Crowds are everything in egyptian politics. The throngs in tahrir square ousted President Hosni Mubarak after three decades in power, and public protests shortened the rule of the geriatric generals who first took his place. That ushered in Egypt's first fair presidential election in, well, 6,000 years of history. But then, after only one year of democratic leadership, the crowds took over again. For many Egyptians, protest equals democracy. The millions afoot on June 30 persuaded Egypt's powerful military to remove President Mohamed Morsi after his first and only year in office. One of the first acts of its "transitional government" was to order a TV blackout of the massive rally that Morsi's supporters in the Muslim Brotherhood called in response. Not very democratic of them. The Brotherhood's supreme guide, Mohammed Badie, then commanded followers to defend "every square in Egypt," an order that transformed a political competition into a contest for territory, the stuff of war. And that may be where Egypt is headed if it doesn't figure out how to move its politics out of the hot sun.
Thirty loud, footsore months after dispatching a despot by demonstrations, Egyptians remain the world's premier protesters. But they're proving to be lousy democrats. Morsi ruled as if he were answerable only to his Brotherhood, and to hell with the 48% of the electorate who did not vote for him. By embracing the military to finish off Morsi, his political opponents abandoned the democratic process for which many of them had risked their lives two and a half years ago. Popular as it was, the coup sets a precedent for transferring power not by the ballot box but by the mob. And it broadcast a clear signal to Islamists everywhere that elections are exactly what the extreme among them have always warned: pointless.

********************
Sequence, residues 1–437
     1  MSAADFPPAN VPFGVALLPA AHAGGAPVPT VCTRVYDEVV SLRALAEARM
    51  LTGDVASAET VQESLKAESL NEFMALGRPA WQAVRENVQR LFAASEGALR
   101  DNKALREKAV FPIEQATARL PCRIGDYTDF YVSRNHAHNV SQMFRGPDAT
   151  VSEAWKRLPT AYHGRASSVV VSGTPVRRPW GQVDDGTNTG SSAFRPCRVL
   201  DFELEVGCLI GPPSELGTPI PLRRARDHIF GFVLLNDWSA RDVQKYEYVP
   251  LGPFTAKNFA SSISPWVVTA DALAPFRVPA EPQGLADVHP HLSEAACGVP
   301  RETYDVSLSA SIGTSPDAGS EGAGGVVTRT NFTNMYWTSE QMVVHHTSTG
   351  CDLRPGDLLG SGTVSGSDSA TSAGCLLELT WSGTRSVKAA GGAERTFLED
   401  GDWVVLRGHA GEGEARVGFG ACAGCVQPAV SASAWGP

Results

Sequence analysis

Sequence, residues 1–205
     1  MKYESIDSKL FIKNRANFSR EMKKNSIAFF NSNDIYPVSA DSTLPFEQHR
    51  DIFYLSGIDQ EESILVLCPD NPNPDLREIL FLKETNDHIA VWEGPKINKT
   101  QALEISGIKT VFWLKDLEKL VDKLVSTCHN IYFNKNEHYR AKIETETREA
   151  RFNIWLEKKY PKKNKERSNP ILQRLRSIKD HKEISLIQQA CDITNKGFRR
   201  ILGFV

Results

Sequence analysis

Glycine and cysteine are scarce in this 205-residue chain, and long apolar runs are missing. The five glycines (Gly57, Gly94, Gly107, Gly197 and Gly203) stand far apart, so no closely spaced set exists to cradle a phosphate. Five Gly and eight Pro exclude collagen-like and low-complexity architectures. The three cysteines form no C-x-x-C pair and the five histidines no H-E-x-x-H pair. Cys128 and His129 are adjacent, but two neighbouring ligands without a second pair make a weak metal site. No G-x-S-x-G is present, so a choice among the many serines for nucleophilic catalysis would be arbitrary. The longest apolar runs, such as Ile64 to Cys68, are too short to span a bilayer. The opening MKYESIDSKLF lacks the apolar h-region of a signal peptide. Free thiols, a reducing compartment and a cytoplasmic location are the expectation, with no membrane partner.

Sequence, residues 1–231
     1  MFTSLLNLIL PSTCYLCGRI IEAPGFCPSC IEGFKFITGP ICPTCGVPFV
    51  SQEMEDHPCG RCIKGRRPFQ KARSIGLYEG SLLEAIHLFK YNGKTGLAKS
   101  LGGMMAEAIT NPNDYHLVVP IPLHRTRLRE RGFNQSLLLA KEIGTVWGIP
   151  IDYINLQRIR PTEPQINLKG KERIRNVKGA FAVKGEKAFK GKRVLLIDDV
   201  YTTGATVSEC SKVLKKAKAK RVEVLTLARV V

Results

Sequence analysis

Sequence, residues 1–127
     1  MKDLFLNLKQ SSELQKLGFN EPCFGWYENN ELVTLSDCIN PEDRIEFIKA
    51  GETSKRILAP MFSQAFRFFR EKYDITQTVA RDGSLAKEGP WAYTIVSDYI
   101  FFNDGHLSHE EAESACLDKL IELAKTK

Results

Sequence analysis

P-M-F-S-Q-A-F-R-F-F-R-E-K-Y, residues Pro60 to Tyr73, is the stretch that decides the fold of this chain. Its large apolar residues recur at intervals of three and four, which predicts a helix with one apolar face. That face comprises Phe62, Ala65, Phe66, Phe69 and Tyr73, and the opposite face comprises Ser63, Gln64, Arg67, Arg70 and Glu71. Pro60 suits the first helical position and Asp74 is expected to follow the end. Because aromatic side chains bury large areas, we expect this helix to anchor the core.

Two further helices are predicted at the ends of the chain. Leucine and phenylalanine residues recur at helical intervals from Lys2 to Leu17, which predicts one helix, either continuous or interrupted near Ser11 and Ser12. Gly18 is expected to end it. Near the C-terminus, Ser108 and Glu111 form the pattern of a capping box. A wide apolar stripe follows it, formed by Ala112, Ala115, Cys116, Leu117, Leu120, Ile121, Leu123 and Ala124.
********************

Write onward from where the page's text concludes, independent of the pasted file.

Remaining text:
"I don't think there was an alternative, to tell you the truth," says Hussein Gohar, a senior official in the liberal Social Democrat party and one of the coup's more reluctant supporters. Like many in the anti-Morsi alliance, he says the President was systematically undermining democracy by writing an Islamist constitution and stacking the deck for future elections. "I don't think if we waited another four years we could have done anything about it," Gohar adds.
But in trying to save democracy, Morsi's opponents may have jeopardized it. Gohar acknowledges that the furies first unleashed in Tahrir Square could haunt any future government. "The precedent is street politics now," he says. "It's not the best thing." On this point, at least, some Brotherhood leaders agree. "It doesn't help anyone to just count and compare crowds," says Amr Darrag, a member of Morsi's Cabinet. "This is going to be endless."
Remember the Arab Street? The phrase has done long and reliable service as journalistic shorthand for an excitable public both feared and manipulated by cynical autocrats. But in Egypt, the street is now the ballot box, the crucible of power. The country's notional new rulers--an unlikely alliance of generals, judges, liberal pols and Islamic extremists--have tried to shift the debate indoors, publishing a schedule for elections and an amended constitution. But events are likely to be driven more by protesters than proconsuls. While Egyptians debated whether Morsi was removed by coup or popular uprising, the Twitterati coined a new appellation: Streetocracy.